Cast: Elizabeth Montgomery, Lou Diamond Phillips, Abraham Alvarez, Alma Martínez, Carlos Cantú, Robert Knight, Diviana Ingravallo, Ramsey Clark
      Netflix format: DVD and streaming
      • Netflix listing –
      • Internet Movie Database –
      Panama Deception-TRAILER [VIDEO, 03:37] –
      • ENTIRE FILM ON YouTube: The Panama Deception
      [VIDEO, 1:31:17] –

  8. DICKERSON3870
    October 13, 2012, 7:54 pm

    RE: “Tell your president he must stop using drones to kill innocent people . . .” ~ Kareem Khan

    MY COMMENT: Lol! As if our government gives a damn what we “plebes” think! ! !

    FROM WIKIPEDIA [Inverted totalitarianism]:

    Inverted totalitarianism is a term coined by political philosopher Sheldon Wolin to describe what he believes to be the emerging form of government of the United States. Wolin believes that the United States is increasingly turning into an illiberal democracy, and he uses the term “inverted totalitarianism” to suggest similarities between the United States governmental system and totalitarian regimes such as Nazi Germany and the Stalinist Soviet Union.[1][2][3][4]

    Inverted totalitarianism and managed democracy
    Wolin believes that the United States (which he refers to using the proper noun “Superpower”, to emphasize the current position of the United States as the only superpower) has been increasingly taking on totalitarian tendencies, as a result of the transformations that it has undergone during the military mobilization required to fight the Axis powers, and during the subsequent campaign of containing the Soviet Union during the Cold War:

    While the versions of totalitarianism represented by Nazism and Fascism consolidated power by suppressing liberal political practices that had sunk only shallow cultural roots, Superpower represents a drive towards totality that draws from the setting where liberalism and democracy have been established for more than two centuries. It is Nazism turned upside-down, “inverted totalitarianism.” While it is a system that aspires to totality, it is driven by an ideology of the cost-effective rather than of a “master race” (Herrenvolk), by the material rather than the “ideal.”[5]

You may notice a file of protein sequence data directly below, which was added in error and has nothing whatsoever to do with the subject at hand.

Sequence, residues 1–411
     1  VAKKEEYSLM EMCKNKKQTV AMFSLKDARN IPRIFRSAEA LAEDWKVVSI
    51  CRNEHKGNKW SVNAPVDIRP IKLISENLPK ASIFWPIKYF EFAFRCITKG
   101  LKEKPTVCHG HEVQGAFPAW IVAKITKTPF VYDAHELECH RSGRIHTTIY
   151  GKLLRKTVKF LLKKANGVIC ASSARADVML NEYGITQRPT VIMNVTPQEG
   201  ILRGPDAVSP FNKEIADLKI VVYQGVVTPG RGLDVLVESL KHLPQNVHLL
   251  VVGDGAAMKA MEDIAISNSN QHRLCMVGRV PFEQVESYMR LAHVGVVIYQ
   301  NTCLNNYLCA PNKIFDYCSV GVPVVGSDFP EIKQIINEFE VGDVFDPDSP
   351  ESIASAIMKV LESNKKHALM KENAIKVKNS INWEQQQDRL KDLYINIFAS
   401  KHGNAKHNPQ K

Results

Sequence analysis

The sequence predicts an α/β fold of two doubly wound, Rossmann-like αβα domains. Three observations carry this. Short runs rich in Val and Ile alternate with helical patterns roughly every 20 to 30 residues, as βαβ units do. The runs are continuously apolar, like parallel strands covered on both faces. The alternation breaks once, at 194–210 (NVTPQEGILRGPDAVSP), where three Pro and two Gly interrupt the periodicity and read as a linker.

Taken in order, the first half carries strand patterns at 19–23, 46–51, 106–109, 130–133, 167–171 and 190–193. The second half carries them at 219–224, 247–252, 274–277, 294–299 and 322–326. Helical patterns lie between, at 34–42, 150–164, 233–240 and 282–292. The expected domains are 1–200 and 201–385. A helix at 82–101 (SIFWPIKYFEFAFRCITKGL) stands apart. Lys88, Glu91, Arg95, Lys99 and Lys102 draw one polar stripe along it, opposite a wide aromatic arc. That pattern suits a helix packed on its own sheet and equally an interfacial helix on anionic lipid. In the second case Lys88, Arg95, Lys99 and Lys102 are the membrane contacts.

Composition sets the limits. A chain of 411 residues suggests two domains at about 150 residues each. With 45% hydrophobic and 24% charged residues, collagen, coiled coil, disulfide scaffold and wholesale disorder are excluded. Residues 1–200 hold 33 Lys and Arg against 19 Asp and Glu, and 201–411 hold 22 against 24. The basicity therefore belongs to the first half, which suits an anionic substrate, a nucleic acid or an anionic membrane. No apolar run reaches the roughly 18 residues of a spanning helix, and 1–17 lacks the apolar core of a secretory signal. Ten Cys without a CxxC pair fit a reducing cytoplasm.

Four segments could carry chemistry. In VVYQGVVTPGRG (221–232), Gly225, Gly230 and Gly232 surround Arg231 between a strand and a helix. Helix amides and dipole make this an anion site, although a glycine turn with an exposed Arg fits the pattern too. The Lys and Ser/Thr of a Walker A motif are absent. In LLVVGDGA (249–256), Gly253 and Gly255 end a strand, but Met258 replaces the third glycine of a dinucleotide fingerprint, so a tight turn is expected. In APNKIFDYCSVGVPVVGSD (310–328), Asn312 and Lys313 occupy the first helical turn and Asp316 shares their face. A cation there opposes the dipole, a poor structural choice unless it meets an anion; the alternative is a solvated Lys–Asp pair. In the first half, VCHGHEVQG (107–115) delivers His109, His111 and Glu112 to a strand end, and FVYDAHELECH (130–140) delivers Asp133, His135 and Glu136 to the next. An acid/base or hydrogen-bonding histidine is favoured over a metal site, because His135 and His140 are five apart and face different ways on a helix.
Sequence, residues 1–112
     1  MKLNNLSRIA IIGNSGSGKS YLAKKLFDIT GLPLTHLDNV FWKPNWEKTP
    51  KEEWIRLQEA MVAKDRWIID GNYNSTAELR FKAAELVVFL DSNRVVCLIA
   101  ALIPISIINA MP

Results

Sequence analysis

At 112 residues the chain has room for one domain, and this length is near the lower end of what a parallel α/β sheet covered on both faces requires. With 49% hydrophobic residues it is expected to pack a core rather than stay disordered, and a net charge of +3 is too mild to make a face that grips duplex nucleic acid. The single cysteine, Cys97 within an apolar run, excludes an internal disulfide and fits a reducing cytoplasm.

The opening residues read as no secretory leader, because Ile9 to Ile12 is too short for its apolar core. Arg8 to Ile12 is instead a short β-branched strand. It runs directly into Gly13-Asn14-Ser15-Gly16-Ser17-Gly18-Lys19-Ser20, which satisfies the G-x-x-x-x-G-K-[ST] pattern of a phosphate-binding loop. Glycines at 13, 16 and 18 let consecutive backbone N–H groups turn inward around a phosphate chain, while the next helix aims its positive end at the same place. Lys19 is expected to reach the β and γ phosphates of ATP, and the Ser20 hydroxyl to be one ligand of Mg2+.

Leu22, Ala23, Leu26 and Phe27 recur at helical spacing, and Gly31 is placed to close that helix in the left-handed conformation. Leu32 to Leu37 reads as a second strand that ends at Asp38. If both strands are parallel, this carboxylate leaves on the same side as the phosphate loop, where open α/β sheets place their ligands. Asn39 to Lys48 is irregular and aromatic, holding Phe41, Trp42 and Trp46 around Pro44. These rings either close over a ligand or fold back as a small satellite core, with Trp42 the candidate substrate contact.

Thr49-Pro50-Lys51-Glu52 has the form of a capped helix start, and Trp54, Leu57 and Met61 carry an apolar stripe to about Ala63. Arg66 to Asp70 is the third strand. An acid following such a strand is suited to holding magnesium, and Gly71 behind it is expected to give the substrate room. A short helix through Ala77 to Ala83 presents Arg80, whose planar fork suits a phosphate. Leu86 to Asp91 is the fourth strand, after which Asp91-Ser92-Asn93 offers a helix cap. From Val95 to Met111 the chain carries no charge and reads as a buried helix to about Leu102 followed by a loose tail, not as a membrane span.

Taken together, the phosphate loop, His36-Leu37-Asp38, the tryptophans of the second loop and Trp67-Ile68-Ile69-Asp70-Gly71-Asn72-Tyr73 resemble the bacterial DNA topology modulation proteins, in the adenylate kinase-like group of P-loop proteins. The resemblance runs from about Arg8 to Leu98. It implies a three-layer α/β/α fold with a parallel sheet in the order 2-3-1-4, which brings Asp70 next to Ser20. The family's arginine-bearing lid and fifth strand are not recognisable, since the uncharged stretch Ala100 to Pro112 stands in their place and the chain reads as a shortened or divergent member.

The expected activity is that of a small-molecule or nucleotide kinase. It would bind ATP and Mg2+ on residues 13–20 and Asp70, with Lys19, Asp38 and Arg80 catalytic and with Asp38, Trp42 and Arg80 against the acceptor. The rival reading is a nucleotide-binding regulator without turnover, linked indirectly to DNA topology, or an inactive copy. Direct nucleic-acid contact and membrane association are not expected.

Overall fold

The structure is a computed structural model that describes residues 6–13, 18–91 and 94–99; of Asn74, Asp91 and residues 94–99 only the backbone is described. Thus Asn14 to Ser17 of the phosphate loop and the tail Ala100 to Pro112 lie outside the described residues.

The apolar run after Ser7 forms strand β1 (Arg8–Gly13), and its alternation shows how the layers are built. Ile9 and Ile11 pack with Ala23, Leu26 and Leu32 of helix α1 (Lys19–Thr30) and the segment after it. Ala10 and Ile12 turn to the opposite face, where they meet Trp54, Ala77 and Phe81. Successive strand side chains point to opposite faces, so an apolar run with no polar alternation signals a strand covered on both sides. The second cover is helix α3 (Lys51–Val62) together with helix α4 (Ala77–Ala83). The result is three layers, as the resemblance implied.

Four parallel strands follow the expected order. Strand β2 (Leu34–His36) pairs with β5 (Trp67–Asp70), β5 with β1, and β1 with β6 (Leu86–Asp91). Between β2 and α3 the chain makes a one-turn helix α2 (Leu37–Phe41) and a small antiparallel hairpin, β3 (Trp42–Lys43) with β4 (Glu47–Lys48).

According to Wolin, there are three main ways in which inverted totalitarianism is the inverted form of classical totalitarianism.

    1. Whereas in Nazi Germany the state dominated economic actors, in inverted totalitarianism, corporations through political contributions and lobbying, dominate the United States, with the government acting as the servant of large corporations. This is considered “normal” rather than corruption.[6]
    2. While the Nazi regime aimed at the constant political mobilization of the population, with its Nuremberg rallies, Hitler Youth, and so on, inverted totalitarianism aims for the mass of the population to be in a persistent state of political apathy. The only type of political activity expected or desired from the citizenry is voting. Low electoral turnouts are favorably received as an indication that the bulk of the population has given up hope that the government will ever help them.[7]
    3. While the Nazis openly mocked democracy, the United States maintains the conceit that it is the model of democracy for the whole world[8] . . .

    Managed democracy
    Wolin believes that the democracy of the United States is sanitized of political participation and refers to it as managed democracy. Managed democracy is “a political form in which governments are legitimated by elections that they have learned to control”.[10] Under managed democracy, the electorate is prevented from having a significant impact on policies adopted by the state through the continuous employment of public relations techniques.[11]
    Wolin believes that the United States resembles Nazi Germany in one major way without an inversion: the essential role that propaganda plays in the system. According to Wolin, whereas the production of propaganda was crudely centralized in Nazi Germany, in the United States it is left to highly concentrated media corporations, thus maintaining the illusion of a “free press”.[12] Dissent is allowed, although the corporate media serves as a filter, allowing most people, with limited time available to keep themselves apprised of current events, only to hear points of view which the corporate media deems to be “serious”.[13] . . .

    SOURCE –

    • DICKERSON3870